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Fri 7 Feb 2014 02:25 AM

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Oman hires Italian consultants for $15bn railway plans

Italferr appointed to provide consultancy services in $35m deal; project tenders to be floated soon

Oman hires Italian consultants for $15bn railway plans
Workers install the first track of the new French high speed train (TGV) Lyon-Strasbourg line in Les Magny, eastern France, on June 29, 2009. The line will be opened in 2011. AFP PHOTO SEBASTIEN BOZON (Photo credit should read SEBASTIEN BOZON/AFP/Getty Images)

Oman has signed a OR13.5 million ($35.2 million) agreement with an Italian company to provide consultancy services for the sultanate's $15.5 billion railway project.

The deal with railway engineers Italferr was one of three signed by Dr Ahmed bin Mohammed al-Futaisi, Oman's Minister of Transport and Communications in relation to the initial phase of the rail project.

He said that the pre-qualification tender for contractors will be floated soon, with the first contractor awarded the deal early in 2015.

Oman’s plans for a 2,244km railway network across the Sultanate is part of a regional railway network expected to link the six Gulf Cooperation Council (GCC) countries.

Other smaller agreements were signed with Abu Taman Grant Thornton related to developing the organisational structure of the Omani Railway Company and with Dar al Takwwn Advertising Agency for the brand identity and trademark of the company.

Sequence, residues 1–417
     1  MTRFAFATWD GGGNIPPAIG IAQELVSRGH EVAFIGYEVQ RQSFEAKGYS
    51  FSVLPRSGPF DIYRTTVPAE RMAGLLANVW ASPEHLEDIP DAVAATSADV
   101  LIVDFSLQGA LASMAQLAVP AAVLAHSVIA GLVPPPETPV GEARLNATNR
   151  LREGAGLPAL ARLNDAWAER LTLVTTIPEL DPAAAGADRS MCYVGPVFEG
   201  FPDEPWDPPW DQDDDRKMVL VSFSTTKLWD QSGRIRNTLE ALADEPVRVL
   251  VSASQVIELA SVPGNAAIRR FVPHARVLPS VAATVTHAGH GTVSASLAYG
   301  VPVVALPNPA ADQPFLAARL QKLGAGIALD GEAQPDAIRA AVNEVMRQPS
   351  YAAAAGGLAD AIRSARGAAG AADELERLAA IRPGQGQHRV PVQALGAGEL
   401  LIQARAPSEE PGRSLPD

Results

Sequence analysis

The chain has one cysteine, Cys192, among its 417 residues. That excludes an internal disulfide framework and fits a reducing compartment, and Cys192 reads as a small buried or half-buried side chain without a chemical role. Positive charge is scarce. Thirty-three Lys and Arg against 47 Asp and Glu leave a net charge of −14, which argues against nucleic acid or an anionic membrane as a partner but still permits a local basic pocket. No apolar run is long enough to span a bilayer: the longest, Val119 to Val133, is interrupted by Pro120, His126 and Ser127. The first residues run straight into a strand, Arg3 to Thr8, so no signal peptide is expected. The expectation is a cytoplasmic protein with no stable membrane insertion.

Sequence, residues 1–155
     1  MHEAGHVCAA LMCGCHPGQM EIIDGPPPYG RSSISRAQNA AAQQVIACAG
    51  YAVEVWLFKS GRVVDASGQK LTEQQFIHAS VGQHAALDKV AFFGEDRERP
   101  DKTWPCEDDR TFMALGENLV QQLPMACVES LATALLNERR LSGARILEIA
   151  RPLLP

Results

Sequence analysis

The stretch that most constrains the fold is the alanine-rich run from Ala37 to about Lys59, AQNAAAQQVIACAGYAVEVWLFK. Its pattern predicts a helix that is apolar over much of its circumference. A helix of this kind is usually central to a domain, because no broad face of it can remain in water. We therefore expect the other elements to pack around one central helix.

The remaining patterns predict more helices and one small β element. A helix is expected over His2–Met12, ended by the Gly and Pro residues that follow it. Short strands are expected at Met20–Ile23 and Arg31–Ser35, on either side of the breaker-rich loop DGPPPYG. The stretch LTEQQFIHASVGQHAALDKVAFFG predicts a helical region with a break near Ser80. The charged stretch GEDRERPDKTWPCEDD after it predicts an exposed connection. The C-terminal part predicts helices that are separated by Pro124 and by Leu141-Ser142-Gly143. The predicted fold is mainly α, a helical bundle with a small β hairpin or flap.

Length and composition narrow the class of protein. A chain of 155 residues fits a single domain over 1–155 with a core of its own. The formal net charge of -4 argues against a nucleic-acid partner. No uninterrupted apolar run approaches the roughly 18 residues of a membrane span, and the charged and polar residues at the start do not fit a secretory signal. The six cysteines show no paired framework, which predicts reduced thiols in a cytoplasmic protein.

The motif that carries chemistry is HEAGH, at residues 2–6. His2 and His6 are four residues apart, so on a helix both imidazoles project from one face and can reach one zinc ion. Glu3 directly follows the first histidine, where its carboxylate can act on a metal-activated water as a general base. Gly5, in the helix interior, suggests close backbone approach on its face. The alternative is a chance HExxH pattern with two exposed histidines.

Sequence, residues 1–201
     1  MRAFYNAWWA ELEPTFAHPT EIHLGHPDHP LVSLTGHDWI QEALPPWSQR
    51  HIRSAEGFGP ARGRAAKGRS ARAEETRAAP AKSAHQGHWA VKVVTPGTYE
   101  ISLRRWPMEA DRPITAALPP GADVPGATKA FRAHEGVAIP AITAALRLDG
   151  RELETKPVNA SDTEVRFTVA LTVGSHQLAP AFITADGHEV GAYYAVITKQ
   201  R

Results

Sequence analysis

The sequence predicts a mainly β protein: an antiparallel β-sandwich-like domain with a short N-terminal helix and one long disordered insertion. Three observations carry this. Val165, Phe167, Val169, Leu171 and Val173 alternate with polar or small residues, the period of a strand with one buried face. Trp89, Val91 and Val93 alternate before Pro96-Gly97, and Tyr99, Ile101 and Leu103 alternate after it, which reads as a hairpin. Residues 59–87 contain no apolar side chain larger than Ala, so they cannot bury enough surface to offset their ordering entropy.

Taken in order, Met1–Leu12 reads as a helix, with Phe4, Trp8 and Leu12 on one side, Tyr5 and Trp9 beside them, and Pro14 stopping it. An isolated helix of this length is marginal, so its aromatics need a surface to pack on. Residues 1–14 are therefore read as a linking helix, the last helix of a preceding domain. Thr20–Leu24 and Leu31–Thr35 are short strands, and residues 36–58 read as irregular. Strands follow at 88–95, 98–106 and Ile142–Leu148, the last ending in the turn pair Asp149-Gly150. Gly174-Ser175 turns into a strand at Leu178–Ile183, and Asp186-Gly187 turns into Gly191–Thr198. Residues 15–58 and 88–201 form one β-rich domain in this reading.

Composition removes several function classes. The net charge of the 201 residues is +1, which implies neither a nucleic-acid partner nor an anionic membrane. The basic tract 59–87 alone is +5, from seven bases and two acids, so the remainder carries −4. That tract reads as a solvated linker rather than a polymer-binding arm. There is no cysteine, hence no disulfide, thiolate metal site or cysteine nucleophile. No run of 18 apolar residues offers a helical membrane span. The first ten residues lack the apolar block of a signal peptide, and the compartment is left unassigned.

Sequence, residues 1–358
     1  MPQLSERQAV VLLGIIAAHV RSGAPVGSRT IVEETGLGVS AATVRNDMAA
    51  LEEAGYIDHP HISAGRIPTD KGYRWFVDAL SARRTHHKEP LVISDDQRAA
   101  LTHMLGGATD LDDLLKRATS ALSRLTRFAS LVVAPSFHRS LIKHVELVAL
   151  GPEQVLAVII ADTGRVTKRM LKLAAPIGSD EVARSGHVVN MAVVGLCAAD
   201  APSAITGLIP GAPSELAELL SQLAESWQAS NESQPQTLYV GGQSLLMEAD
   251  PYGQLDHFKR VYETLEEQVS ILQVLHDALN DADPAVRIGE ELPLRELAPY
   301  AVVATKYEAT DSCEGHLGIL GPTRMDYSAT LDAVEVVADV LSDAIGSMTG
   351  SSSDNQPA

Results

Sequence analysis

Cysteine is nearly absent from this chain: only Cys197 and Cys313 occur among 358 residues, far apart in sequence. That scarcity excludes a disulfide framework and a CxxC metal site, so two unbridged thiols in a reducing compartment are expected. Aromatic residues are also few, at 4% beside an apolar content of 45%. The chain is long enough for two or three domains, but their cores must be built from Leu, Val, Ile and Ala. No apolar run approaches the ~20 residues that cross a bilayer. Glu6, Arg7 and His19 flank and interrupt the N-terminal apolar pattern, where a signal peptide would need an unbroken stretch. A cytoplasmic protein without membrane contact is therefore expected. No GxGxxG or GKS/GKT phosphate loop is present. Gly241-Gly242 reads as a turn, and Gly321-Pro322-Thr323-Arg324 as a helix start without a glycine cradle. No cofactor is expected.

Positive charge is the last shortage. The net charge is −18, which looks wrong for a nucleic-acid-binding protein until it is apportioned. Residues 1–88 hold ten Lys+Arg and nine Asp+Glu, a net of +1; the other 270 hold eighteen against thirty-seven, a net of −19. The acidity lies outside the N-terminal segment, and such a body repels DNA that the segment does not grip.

Al-Futaisi said in comments published by Oman News Agency that field works have already started including many geographic and geologic surveys.

Under the agreements, Omani engineers will be trained to in Rome next month for them to qualify and become "the nucleus of Oman Railway Company".

The rail project will help Omani ports to become major hubs and foster trade movement in the sultanate, the agency said.

Oman, which exports modest amounts of oil and will face challenges in financing its state budget and generating employment for its citizens in coming years, has said it expects its railway network to be fully operational by 2018.

The railway could help to diversify Oman's economy beyond oil and gas by facilitating trade and industrial projects, while increasing the geopolitical security of Gulf Arab states by giving them a major trade route bypassing the Strait of Hormuz.

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